An Enemy of the People – REVIEW

An Enemy of the People

Union Theatre, London

.

Reviewed by Jade Prince

Seen January 16th, 2019

★★★

The Union Theatre has opened their doors up once again to a fabulous series bringing focus on past great writers and their work in relation to today’s issues. The Phil Willmott Company have returned to The Union Theatre for their fourth season of “Essential Classics”. Between the months of January and March 2019, three shows are being presented in such a way that pulls the classic writing into the 21st century. On display is Arthur Miller’s adaptation of Henrick Ibsen’sAn Enemy of the People’, Offenbach’sCan-Can!’ and William Shakespeare’s classic, ‘Othello’. 

To start the season off, we got to see ‘An Enemy of the People’ which sees the struggle of a small town scientist as he battles the mayor and local community after making a shocking discovery which could significantly impact the future of the town’s current project. It soon becomes clear that despite the town’s people believing the harsh truth of their actions, the ability to stand against the political body of the town is non-existent. Despite Ibsen writing this piece back in 1882, the context remains relatable in today’s political climate, especially in the US with Trumps’ regime. Arthur Miller’s adaptation of Henrick’s original work was brilliant and also hit the audience hard with the realisation that regardless of the century, the same issues prevail. 

An Enemy of the People definitely delivered the message intended however the lack of professionalism really detracted from the experience. This low budget performance definitely had an impact on how a great play was received by the audience. It was clear it had so much potential. In a way, it did reflect the current government state perfectly; it seemed so promising yet failed to deliver. 

The play definitely got better with time. It gradually built up momentum. This was helped by the passion delivered by David Mildon (Dr. Thomas Stockman) which was compelling to watch. This then reached the pinnacle towards the end of act two where the level of emotion displayed by Mildon was through the roof. I applaud him for the stunning performance. 

Unfortunately, the rest of the show was rather bland. The full package was not there for me. This ranged from the lack of American accents (it appeared that this element was optional for the cast) to the mediocre set design. This really hindered the flow of the play. It was very difficult to distinguish changes in scenes which ultimately slowed the show down. The only way you could identify the scene changes were through the over exaggerated blackouts. It would have been great to see the scenes changes tackled in a different way instead of the simplest solution being selected.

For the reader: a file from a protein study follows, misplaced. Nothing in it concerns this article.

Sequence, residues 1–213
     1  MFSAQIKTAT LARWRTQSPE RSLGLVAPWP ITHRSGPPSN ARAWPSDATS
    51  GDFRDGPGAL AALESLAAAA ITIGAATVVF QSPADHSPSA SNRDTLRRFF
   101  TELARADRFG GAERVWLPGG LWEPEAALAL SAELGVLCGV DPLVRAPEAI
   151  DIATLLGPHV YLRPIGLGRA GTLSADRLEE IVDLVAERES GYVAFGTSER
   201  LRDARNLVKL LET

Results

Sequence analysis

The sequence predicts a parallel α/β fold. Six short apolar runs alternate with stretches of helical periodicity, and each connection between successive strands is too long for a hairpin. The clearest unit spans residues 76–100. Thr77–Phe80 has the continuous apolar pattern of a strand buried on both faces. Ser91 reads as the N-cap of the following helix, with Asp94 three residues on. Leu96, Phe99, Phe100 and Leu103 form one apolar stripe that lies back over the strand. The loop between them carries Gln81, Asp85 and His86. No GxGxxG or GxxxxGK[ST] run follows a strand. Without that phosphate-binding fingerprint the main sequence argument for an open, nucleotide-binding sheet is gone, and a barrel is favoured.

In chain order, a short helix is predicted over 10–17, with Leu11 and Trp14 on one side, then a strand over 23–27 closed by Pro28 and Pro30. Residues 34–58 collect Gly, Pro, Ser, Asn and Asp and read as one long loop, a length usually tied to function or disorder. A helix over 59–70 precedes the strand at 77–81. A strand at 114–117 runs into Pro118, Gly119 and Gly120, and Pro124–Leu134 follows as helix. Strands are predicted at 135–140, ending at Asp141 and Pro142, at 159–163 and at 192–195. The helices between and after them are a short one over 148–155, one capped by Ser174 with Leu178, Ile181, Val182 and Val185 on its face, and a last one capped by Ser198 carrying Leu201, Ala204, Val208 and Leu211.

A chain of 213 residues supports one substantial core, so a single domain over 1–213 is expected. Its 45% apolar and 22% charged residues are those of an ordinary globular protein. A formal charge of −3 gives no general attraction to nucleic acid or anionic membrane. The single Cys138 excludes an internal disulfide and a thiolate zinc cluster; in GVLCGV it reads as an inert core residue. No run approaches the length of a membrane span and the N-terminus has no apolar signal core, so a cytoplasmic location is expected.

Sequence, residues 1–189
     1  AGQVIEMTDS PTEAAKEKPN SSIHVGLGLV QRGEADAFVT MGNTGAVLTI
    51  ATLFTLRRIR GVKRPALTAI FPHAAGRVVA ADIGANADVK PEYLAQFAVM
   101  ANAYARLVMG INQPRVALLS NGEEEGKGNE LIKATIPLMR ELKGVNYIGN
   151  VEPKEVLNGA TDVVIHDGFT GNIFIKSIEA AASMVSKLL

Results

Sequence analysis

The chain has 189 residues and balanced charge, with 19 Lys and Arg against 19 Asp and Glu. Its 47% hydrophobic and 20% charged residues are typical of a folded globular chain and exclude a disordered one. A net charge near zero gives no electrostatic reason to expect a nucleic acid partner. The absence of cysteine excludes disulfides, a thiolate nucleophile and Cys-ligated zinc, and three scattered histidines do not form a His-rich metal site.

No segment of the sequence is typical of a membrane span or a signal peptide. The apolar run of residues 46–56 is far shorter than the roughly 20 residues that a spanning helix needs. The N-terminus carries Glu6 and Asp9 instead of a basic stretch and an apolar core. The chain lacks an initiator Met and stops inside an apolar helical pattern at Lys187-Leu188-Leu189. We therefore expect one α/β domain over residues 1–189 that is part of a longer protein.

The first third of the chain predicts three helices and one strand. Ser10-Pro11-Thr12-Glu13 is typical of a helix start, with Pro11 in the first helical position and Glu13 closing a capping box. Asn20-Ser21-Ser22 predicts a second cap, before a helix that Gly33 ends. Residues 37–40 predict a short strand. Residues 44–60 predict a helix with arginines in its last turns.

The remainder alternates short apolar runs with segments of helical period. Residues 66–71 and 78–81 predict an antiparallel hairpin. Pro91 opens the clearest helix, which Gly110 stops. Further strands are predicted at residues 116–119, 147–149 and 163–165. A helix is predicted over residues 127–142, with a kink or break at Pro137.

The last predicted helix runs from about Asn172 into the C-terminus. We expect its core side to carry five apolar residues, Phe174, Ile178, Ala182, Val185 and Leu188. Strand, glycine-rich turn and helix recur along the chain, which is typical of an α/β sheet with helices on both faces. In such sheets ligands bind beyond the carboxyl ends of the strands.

A lot of thought had been put into setting the scene and this typically came in the form of background noise. It was a very simple addition; birds chirping for when the scenes took place outside and cheering during the debate. It was a nice touch although there were some parts where the background noise was too loud and made it difficult to focus on the scene being played out infront of us. 

The Union theatre is a wonderfully intimate venue where this show could have been right at home however the space was not fully utilised and ended up coming across as very low budget. Overall it was enjoyable but very evident that there was so much more the show could have given to the audience. 

An Enemy of the People is playing at The Union Theatre until 2nd February 2019. For more information and tickets, head to  http://www.uniontheatre.biz/an-enemy-of-the-people.html

Leave a Reply

Fill in your details below or click an icon to log in:

WordPress.com Logo

You are commenting using your WordPress.com account. Log Out /  Change )

Google photo

You are commenting using your Google account. Log Out /  Change )

Twitter picture

You are commenting using your Twitter account. Log Out /  Change )

Facebook photo

You are commenting using your Facebook account. Log Out /  Change )

Connecting to %s